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Salina South students claim third place in national project-based learning competition

The Salina Journal
Evonni Martinez

Salina South High School students Mariala Martinez and Evonni Martinez claimed third place in a national Project-Based Learning competition sponsored by Jobs For America’s Graduates this week.

Participants in the Jobs for America’s Graduates-Kansas (JAG-K) program at Salina South High School, the students competed virtually in the contest and was announced the winner Thursday morning.

"I am extremely proud of Evonni and Mariela,” said Melissa Gates, JAG-K career specialist at Salina South High School. “They remained resilient through the pandemic and having to work together virtually.”

JAG National hosted the National Student Leadership Academy (NSLA) in virtual format Dec. 1-3 due to the ongoing pandemic. The event is traditionally held in Washington D.C., and a contingent from each state affiliate attends for training and competition.

This year, 10 JAG-K students reached the finals of virtual competitions that culminate the Regional and State Career Development Conferences held in the spring. The four competition categories are Public Speaking (presenting a prepared speech), Employability Skills (participating in a mock interview that includes a resume, cover letter and job application), Financial Literacy, and Project-Based Learning (the student gives a presentation about a project they created and implemented in the current year).

Six JAG-K students placed in the virtual competitions, which were announced on Dec. 3:

• Employability Skills 1st Place: Ariana Jimenez, Holcomb

• Financial Literacy 1st Place: Erica Zhou Wang, Emporia

• Public Speaking 1st Place: Chrishayla Adams, Topeka High

• Financial Literacy 3rd Place: Jonathan Rupe, Hays

• Project-Based Learning Showcase 3rd place: Mariala Martinez & Evonni Martinez, Salina South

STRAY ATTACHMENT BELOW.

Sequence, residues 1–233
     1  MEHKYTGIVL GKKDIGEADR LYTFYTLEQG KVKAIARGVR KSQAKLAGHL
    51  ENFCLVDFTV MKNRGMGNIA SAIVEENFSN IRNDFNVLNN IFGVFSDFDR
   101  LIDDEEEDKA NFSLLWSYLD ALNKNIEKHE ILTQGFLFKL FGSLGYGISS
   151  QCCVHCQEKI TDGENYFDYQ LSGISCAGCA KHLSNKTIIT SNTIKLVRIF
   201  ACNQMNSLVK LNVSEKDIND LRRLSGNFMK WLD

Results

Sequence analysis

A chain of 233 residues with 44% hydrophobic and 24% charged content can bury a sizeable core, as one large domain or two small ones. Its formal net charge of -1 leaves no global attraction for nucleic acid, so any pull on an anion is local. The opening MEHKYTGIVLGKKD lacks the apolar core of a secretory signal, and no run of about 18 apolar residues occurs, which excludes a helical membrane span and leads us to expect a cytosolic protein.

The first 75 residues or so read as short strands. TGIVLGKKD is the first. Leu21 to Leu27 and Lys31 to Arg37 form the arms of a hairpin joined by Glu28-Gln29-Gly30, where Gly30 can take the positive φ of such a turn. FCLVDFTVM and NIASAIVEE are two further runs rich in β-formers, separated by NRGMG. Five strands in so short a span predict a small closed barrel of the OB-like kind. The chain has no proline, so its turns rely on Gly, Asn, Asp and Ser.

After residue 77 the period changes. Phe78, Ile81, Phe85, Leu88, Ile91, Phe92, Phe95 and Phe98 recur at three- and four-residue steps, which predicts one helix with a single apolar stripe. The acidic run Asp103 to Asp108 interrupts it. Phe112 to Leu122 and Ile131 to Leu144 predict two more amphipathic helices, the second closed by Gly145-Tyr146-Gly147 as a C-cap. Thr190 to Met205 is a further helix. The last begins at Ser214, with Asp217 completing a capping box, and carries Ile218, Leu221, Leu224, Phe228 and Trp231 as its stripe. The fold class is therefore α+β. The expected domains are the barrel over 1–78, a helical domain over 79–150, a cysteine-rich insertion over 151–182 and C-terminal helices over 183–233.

NSLA featured leadership activities, daily plenary sessions, exhibits, educational workshops, and networking opportunities.

Although students were not permitted to travel to Washington D.C. this year, JAG sought to make the virtual NSLA event a meaningful experience.

“In this time of COVID, JAG is making sure students get the very best experience they possibly can,” said Mortimer. “Our programs really seized upon the opportunity to compete virtually, and thus we had a really strong showing in the national competitions.”

JAG-K is a multi-year, in-school program for students in grades seven through 12 that offers tools to successfully transition students into post-secondary school, the military, or directly into the workforce with marketable skills. Participants in the program face multiple barriers to success that their JAG-K Career Specialist helps them overcome through a nationally-accredited, evidence-based model.

The 501(c)3 not-for-profit organization is a state affiliate of the national JAG program network which operates in 40 different states and territories. It is primarily funded through the Temporary Assistance for Needy Families block grant to the State of Kansas administered by the Kansas Department for Children and Families (DCF). In addition to school districts and DCF, JAG-K partners with the Kansas Department of Education. Other JAG-K funding sources include AT&T, Capitol Federal, John Deere, Synchrony Financial, Taco Bell and Walmart.

Mariala Martinez